Media


U2|TORONTO STAR THURSDAY, OCTOBER12, 2017
> HOME DECOR
RESTYLE YOUR HOME

Upgrades in colours, density keep plaid in style

When it comes to decorating with the tartan pattern, less is usually more.
NINA DRAGICEVIC
Special to the Star


According to the Scottish Tartans Authority, textile archeologists have unearthed its origins as far back as 3,000 years. Since then, it has marched through the millennia as the iconic pattern of Scots, farmers, lumberjacks, disaffected ’90s grunge teens, bearded baristas and — thanks to Roots — Canadians in general.
The endless options of colour, tone and density resurrect this pattern, again and again — despite its many associations, designers say it can be surprisingly versatile. HGTV calls it a seasonal staple. Plaid, when used in home decor, adds dashes of warmth and complexity to clean, modern interiors.
“Usually (plaid creates) a sort of rustic, cottage feeling,” says Nancy Kurtz, designer at Creating Home.
“Now it’s got a new, casual, sophisticated kind of look — like it’s been upgraded.” Kurtz has spent more than a decade fabricating custom slipcovers, draperies
and soft home furnishings, in addition to renovating and designing interiors, and she says her fondness for plaid partially stems from the fact she’s “not a big floral person.” “I like geometric patterns,” she says. “And I find when a room needs a little bit of a masculine touch, I’ll use plaid for that — a den, basement or library. I find guys don’t mind plaid, so if you’re trying to sell an idea to them, they can see it. ” The visual warmth of plaid creates the snug, homey rooms that we crave in the cooler weather; consider it a 2017 update to last year’s Danish hygge trend. Kurtz brings out her plaid pillows for the holidays each year and, in a collection of cushions, she says plaid plays well with solids and smaller patterns.
“I generally like using uniform colours — a colour that would make them all relate to each other,” Kurtz says. “A background colour in one is a main colour in another. But for a totally eclectic look, you could do anything — kind of like knowing the rules and how to break them.”

Cosy condos
Isabelle Boba, principal at LUX Interior Design, says today’s plaid can be a sophisticated way for Canadians to
“cocoon” in the autumn and winter months. She feels the pattern is a natural progression of the rustic trends — think antlers on the wall, live-edge wood table tops — popping up in urban spaces over the past few years.

Throw pillows and blankets are the primary plaid-bearers, with wallpaper — just one wall, she warns — generally reserved for the very bold. “I would say no more than one plaid (item) per room,” Boba says. “Traditional plaid with the red and the green — that’s off-limits,” she adds. “I think a modern take on plaid is what we’re seeing, especially in the city. We’re doing the white and the greys, in both light and dark tones.” As a design firm that offers its trademarked “Condo Quickie” — a turn-key design package for condo owners — as well as services to condominium developers for their show suites, LUX frequently works in smaller spaces. Many modern condos feature floor-to-ceiling glass and open spaces flooded with natural light, but often with smaller footprints. Use plaid sparingly here, Boba says. “It is a busy pattern and it demands a lot of attention,” she says. “Choose wisely on how you use it and where you use it. In condos, we tend not to go too traditional a lot of times . . .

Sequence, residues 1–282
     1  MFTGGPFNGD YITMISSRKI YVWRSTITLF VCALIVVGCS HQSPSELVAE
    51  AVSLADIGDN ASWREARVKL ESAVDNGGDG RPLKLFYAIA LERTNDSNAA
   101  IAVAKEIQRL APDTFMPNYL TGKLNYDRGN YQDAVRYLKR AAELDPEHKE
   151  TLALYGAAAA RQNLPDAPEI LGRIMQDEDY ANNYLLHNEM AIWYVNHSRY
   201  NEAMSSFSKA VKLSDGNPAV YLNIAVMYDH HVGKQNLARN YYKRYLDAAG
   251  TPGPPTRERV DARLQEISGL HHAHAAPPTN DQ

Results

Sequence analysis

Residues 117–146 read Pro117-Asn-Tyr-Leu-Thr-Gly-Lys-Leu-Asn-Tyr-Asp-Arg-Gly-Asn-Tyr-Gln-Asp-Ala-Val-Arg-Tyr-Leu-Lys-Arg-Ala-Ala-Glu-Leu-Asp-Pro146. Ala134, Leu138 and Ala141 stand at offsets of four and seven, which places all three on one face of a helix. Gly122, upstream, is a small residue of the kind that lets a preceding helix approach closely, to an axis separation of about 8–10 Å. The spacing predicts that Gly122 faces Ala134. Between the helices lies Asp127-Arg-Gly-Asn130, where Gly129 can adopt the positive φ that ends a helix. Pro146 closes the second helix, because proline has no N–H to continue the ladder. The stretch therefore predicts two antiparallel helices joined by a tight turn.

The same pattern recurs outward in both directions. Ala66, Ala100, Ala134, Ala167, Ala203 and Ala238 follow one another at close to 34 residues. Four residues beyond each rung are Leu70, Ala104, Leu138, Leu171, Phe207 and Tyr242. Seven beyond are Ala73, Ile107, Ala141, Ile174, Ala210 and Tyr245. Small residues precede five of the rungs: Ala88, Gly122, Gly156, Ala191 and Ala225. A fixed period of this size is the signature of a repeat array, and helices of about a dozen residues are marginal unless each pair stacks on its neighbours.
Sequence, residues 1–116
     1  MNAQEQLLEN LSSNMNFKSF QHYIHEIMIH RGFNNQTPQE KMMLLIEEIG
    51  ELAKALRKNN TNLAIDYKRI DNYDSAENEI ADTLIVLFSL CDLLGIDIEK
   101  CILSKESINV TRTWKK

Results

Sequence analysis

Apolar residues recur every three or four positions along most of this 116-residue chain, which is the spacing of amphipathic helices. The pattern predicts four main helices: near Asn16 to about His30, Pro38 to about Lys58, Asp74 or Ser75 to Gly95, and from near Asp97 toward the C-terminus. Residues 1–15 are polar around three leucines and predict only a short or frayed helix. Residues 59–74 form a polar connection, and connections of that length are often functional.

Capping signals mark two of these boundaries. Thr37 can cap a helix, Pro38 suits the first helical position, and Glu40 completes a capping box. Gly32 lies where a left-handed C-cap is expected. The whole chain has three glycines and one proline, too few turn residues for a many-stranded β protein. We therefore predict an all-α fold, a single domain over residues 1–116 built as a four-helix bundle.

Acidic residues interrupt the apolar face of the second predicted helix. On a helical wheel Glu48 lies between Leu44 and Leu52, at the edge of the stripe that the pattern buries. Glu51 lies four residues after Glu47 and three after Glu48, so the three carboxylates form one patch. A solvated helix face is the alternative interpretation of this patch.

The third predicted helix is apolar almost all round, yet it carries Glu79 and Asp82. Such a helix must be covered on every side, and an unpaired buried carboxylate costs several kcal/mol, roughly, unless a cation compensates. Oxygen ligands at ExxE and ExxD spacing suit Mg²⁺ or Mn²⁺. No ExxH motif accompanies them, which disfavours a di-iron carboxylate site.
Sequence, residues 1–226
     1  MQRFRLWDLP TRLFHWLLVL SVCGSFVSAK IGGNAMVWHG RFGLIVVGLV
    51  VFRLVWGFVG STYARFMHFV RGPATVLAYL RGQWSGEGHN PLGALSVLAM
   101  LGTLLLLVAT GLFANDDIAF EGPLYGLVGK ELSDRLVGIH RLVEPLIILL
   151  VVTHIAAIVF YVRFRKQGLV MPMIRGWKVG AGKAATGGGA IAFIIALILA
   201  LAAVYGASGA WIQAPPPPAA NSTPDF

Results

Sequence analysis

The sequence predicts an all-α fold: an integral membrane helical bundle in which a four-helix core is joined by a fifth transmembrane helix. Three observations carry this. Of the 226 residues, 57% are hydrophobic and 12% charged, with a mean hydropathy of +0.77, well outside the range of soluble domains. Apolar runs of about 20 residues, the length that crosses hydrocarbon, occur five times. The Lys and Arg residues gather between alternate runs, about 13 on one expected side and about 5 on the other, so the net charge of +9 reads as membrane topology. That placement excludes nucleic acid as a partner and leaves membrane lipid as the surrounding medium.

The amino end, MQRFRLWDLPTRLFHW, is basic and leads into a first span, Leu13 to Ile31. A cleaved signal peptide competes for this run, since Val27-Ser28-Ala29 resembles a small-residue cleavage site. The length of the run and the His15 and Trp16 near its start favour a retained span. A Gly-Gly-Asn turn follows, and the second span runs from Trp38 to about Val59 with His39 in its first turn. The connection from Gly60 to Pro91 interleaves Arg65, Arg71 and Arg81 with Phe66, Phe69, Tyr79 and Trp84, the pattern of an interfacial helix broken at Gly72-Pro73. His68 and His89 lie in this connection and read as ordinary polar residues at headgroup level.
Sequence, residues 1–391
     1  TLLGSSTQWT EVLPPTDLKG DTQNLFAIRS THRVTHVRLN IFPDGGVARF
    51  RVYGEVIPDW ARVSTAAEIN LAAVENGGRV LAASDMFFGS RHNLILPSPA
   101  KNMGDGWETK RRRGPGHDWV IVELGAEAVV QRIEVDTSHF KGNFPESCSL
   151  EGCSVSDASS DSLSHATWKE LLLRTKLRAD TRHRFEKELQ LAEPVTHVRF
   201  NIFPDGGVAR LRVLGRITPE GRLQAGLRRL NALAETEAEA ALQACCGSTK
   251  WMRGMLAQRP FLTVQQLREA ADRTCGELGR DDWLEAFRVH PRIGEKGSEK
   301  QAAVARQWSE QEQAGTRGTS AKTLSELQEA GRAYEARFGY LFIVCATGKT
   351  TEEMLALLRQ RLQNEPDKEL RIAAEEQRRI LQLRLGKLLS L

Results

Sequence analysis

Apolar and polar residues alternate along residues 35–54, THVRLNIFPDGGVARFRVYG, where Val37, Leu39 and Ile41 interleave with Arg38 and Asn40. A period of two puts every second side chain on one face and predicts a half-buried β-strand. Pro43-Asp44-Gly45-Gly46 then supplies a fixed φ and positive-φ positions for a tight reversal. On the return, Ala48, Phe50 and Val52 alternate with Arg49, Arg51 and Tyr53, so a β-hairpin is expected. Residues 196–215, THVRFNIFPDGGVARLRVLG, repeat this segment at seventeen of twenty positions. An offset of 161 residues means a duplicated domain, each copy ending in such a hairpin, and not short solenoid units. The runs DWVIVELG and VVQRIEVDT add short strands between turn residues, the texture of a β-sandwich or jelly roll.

When you make something look really busy, it tends to look smaller.” Feeling bold? Consider yourself a daring original? Boba’s already mocked up a dramatic powder room in her mind. “The only way I’d do an entire room with plaid wallpaper would be in a small powder bathroom,” she says. “It could be very dramatic. In a powder bathroom, you can really take some risks because it’s such a small space — if you get sick of it in a year or two, it’s not a big deal to change it up.” She’d pair the plaid — favouring whites and greys, again — with a rustic, live-edge wood countertop, a clean, white, vessel sink and an oval mirror with a very thin frame.
“I could see that looking really dramatic and I haven’t really seen that come up yet, but it will — trust me.”




On Line Media


  • Help, We bought a Dump!

Design & Architecture / November 9, 2016
by Nina Dragicevic





Magazine

  • October 2011, Suzanne Dimma's Off-The-Grid Getaway
  • Fall 2008, Makeovers - Special Interest Publication
  • June 2008, Retreat on the Cheap
  • Fall 2007, Living Rooms, Special Interest Publication





August 22, 2010, Episode 40, Cozy Media Room










Home Day, January 5th, 2010